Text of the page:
So when your work/time is managed for you by various external systems, deadlines, and processes, and all you have to do is get yourself in place in time, time management isn’t really the issue. Attention management, focus management, enjoyment management on the other hand – that’s another thing.
Like, how to switch from the intense group focus of teaching to the equally intense-but-different focus needed for thinking about major revisions to a research paper, in the minutes you have between class and a meeting.
Or how to focus on delivering a 9am seminar that engages others when you haven’t slept the night before because the 6-year-old has a bad cough.
Or how to enjoy giving a lecture, even though it’s the first time you have ever done it, it’s not really your field, and the official prep time allocated was exactly 9.5 hours too short.
I would dearly love to see some tips on how to manage these and other time-related issues in pracademia… oh, that’s what this article is supposed to be doing?
In the interest of attempting to fill the original brief, here is a list of quite reasonable suggestions for managing ‘your’ time to find ‘extra’ for getting things done. This was taken from this very sensible post here, which in turn, was taken and adapted from here. Also included, commentary regarding potential applicability to the pracademic context.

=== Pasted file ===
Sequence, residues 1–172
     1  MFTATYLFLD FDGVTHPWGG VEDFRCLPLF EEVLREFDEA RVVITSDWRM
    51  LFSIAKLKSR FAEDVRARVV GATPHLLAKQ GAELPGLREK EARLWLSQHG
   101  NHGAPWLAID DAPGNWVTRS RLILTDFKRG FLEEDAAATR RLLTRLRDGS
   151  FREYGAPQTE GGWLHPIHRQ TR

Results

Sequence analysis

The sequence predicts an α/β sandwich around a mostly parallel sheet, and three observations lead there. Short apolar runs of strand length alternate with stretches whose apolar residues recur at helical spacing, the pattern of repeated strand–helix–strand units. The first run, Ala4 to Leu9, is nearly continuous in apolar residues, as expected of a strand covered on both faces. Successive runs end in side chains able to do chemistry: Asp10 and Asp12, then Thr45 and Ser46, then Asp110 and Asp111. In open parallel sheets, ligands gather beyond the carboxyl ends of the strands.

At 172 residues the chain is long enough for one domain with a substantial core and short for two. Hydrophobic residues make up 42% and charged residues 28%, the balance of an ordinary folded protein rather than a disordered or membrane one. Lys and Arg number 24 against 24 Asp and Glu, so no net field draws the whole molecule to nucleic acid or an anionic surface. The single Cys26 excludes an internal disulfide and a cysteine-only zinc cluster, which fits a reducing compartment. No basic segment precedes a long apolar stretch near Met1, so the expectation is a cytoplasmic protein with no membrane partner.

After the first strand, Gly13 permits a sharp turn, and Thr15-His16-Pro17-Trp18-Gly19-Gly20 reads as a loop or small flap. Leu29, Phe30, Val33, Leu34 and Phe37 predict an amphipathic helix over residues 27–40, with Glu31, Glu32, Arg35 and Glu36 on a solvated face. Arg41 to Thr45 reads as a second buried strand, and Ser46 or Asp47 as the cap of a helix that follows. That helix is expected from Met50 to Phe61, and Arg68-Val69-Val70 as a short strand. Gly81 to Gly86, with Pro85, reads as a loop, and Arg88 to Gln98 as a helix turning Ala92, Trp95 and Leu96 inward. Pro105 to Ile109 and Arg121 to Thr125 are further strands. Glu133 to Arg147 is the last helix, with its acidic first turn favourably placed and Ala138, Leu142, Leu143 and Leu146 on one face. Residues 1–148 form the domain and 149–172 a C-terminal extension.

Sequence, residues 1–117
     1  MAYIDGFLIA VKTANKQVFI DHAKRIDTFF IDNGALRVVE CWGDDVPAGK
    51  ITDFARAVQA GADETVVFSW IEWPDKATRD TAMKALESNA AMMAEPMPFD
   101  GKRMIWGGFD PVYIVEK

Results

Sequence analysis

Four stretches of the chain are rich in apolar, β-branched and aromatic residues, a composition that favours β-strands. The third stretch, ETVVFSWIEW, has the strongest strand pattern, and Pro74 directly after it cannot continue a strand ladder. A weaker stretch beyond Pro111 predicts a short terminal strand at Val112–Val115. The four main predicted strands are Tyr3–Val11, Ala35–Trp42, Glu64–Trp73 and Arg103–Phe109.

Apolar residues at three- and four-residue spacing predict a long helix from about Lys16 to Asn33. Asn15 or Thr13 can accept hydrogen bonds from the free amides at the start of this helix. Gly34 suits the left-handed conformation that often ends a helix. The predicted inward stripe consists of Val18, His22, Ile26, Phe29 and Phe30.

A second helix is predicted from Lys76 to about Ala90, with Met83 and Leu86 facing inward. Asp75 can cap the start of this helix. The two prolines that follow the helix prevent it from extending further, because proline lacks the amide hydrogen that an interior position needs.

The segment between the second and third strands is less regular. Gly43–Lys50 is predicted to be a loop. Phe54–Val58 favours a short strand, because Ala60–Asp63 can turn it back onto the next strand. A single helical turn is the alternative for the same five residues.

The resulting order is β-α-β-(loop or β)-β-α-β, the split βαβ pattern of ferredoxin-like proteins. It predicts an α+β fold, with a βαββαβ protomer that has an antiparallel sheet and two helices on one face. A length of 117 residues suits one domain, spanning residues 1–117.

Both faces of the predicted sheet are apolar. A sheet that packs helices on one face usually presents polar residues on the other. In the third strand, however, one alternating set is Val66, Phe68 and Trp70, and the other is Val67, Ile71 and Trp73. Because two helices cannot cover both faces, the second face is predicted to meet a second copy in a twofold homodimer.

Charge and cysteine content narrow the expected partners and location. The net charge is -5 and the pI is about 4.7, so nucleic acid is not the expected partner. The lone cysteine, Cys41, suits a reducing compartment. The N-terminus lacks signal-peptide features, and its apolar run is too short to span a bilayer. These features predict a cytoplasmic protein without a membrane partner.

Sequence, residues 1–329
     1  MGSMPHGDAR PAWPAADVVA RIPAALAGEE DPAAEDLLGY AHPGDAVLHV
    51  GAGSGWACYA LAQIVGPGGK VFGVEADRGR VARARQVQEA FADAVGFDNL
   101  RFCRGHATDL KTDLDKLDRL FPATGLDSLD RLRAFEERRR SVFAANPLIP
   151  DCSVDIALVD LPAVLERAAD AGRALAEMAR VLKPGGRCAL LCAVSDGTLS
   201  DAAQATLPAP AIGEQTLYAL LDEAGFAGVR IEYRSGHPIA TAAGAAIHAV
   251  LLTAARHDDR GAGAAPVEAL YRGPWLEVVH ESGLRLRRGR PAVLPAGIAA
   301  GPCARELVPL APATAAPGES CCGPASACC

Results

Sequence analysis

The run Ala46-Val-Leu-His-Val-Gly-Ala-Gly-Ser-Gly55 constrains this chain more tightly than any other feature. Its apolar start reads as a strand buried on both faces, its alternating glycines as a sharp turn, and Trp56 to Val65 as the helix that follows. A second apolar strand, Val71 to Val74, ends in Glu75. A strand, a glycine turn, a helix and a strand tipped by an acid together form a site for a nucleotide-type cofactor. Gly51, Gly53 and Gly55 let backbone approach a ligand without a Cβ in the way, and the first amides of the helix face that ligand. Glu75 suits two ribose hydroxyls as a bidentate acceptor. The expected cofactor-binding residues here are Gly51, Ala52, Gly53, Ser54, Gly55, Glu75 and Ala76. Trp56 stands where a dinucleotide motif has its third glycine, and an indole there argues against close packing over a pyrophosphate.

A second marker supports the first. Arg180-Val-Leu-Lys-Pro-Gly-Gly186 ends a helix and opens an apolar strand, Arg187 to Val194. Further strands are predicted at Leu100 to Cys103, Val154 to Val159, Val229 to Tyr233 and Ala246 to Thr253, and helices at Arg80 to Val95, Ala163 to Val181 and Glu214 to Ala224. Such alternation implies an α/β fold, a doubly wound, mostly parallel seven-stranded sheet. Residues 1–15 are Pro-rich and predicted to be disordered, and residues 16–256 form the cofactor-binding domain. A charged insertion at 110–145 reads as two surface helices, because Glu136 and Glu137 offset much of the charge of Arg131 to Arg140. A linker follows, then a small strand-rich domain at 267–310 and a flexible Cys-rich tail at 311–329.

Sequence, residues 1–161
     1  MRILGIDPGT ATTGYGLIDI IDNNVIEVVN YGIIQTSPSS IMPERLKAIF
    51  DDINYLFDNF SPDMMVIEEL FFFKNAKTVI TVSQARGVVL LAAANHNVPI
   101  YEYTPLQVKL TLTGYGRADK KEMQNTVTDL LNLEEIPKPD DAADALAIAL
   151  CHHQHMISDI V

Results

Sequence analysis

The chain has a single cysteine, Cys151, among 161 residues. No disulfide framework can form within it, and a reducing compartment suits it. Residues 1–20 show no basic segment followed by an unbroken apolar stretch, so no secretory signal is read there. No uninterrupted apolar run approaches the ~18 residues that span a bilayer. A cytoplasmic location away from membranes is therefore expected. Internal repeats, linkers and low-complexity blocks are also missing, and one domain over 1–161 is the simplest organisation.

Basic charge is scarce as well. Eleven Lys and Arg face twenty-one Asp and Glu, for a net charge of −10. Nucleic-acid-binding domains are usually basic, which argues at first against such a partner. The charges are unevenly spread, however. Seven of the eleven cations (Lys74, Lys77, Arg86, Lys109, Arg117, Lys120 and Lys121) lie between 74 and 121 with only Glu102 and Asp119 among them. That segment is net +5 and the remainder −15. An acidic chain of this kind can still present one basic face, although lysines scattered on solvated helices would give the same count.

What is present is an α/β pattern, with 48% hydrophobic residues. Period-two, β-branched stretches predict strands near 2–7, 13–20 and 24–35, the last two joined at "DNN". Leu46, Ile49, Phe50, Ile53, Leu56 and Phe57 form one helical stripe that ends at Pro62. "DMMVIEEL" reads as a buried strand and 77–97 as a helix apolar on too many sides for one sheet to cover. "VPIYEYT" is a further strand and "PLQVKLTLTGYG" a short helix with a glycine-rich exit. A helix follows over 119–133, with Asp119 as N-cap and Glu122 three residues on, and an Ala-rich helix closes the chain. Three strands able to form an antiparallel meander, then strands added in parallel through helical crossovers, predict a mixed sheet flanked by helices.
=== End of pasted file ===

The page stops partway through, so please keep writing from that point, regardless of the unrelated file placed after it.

- Get up earlier / Stay up later. Note that this may leave many with about two hours of sleep a night.
- Read emails at set times during the day. Note that this advice doesn’t include email response time.
- Leave work early / go to work late. This may mean working from home more.
- Take a longer lunch. This may mean working longer after lunch.
- Go on a news diet. Have tried this and it didn’t give me extra time but it did reduce anxiety somewhat. Unfortunately, it also increased unease in not keeping up-to-date with what’s happening. Also, this does not work if you have colleagues who gorge themselves on news and/or who like to share / discuss / critique it. Which, in a university, would probably be the majority.
- Don’t do anything after work. This will leave many with at least a couple of hours out of 24 (which they should use for sleep).